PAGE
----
Langley high school kids pull their share of weeds

At least 60 Walnut Grove Secondary students spent a couple hours cleaning away invasive species along the Fort-to-Fort Trail in Fort Langley recently. (Special to The News)At least 60 Walnut Grove Secondary students spent a couple hours cleaning away invasive species along the Fort-to-Fort Trail in Fort Langley recently. (Special to The News)
At least 60 Walnut Grove Secondary students spent a couple hours cleaning away invasive species along the Fort-to-Fort Trail in Fort Langley recently. (Special to The News)At least 60 Walnut Grove Secondary students spent a couple hours cleaning away invasive species along the Fort-to-Fort Trail in Fort Langley recently. (Special to The News)
At least 60 Walnut Grove Secondary students spent a couple hours cleaning away invasive species along the Fort-to-Fort Trail in Fort Langley recently. (Special to The News)At least 60 Walnut Grove Secondary students spent a couple hours cleaning away invasive species along the Fort-to-Fort Trail in Fort Langley recently. (Special to The News)
At least 60 Walnut Grove Secondary students spent a couple hours cleaning away invasive species along the Fort-to-Fort Trail in Fort Langley recently. (Special to The News)At least 60 Walnut Grove Secondary students spent a couple hours cleaning away invasive species along the Fort-to-Fort Trail in Fort Langley recently. (Special to The News)
At least 60 Walnut Grove Secondary students spent a couple hours cleaning away invasive species along the Fort-to-Fort Trail in Fort Langley recently. (Special to The News)At least 60 Walnut Grove Secondary students spent a couple hours cleaning away invasive species along the Fort-to-Fort Trail in Fort Langley recently. (Special to The News)
At least 60 Walnut Grove Secondary students spent a couple hours cleaning away invasive species along the Fort-to-Fort Trail in Fort Langley recently. (Special to The News)At least 60 Walnut Grove Secondary students spent a couple hours cleaning away invasive species along the Fort-to-Fort Trail in Fort Langley recently. (Special to The News)
At least 60 Walnut Grove Secondary students spent a couple hours cleaning away invasive species along the Fort-to-Fort Trail in Fort Langley recently. (Special to The News)At least 60 Walnut Grove Secondary students spent a couple hours cleaning away invasive species along the Fort-to-Fort Trail in Fort Langley recently. (Special to The News)
At least 60 Walnut Grove Secondary students spent a couple hours cleaning away invasive species along the Fort-to-Fort Trail in Fort Langley recently. (Special to The News)At least 60 Walnut Grove Secondary students spent a couple hours cleaning away invasive species along the Fort-to-Fort Trail in Fort Langley recently. (Special to The News)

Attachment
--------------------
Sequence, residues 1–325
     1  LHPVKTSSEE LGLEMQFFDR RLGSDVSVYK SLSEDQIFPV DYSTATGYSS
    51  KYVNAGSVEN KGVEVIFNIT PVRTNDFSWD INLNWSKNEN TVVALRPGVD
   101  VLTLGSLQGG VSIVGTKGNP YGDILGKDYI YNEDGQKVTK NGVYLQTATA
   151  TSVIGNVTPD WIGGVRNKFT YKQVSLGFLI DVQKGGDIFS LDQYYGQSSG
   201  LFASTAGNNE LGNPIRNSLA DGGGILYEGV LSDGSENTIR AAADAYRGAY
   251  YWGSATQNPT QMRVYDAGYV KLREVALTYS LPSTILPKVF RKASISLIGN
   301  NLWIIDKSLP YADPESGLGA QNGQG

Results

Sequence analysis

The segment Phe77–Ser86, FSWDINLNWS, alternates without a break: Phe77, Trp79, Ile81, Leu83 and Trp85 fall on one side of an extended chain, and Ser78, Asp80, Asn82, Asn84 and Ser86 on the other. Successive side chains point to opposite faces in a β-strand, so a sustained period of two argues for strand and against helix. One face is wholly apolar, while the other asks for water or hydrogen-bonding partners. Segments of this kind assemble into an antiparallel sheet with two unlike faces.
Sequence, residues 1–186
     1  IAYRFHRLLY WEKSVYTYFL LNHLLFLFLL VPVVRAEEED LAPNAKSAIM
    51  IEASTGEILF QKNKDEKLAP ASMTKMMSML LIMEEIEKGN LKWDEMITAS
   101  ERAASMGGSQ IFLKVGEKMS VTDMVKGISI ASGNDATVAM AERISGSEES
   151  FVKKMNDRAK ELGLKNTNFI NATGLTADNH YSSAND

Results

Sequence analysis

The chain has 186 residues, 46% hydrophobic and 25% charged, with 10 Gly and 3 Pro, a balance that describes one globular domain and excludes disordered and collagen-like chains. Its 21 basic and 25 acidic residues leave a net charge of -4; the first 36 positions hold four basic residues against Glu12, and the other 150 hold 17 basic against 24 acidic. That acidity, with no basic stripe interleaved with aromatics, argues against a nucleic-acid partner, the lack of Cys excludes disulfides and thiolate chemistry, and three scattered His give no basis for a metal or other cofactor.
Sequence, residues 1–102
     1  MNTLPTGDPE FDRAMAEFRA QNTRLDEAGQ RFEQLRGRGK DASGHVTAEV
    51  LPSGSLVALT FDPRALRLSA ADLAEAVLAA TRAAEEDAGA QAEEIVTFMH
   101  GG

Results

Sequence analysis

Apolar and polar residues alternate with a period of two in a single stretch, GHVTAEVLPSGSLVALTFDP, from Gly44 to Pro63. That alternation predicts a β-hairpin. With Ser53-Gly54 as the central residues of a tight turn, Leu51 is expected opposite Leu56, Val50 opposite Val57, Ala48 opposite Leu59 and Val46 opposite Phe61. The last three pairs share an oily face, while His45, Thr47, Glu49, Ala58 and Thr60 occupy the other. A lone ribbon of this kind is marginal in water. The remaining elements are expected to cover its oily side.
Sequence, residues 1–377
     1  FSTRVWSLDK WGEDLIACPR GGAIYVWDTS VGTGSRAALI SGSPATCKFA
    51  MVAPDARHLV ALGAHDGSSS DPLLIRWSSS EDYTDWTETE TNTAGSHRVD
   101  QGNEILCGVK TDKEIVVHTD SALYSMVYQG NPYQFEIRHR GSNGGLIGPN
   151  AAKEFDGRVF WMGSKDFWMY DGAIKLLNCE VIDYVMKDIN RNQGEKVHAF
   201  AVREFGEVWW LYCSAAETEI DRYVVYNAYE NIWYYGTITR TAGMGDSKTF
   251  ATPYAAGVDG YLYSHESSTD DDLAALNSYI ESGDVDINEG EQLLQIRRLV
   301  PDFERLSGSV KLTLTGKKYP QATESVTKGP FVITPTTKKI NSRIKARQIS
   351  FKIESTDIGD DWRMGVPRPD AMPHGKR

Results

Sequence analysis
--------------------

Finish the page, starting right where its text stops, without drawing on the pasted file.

Dozens of Langley teens were handed bikes and shovels as part of a recent Grade 11 outing.

Students from Walnut Grove Secondary spent the better part of a day on the Fort-to-Fort Trail, pulling up invasive Himalayan blackberries, as part of a blitz run by the Township of Langley and Green Teams of Canada.

Sixty students from the school’s EDGE program took turns biking around Fort Langley and removing invasive weeds on Friday, May 13, said Ashton Kerr, program manager for the Lower Mainland Green Team.

“Having students bike to the Fort-to-Fort Trail from their school was a really unique aspect to this activity. This meant that the students not only used a sustainable form of transportation to get to this environmental activity, but also got lots of physical exercise,” Kerr said.

READ MORE: Langley students dig in to clear invasive blackberries

The day also included education about noxious weeds and how to remove them, why they make it hard for native plants to thrive, and how the relatively shallow root system can contribute to soil erosion.

But more than that, Kerr stressed the importance of coming together to reach a common goal – especially in light of climate change.

“The before-and-after photos tell it all, and the students themselves noticed the difference they were making to free many native plants that were engulfed by the blackberry.”

If people are interested in learning more about The Lower Mainland Green Team program, they can visit: greenteamscanada.ca.

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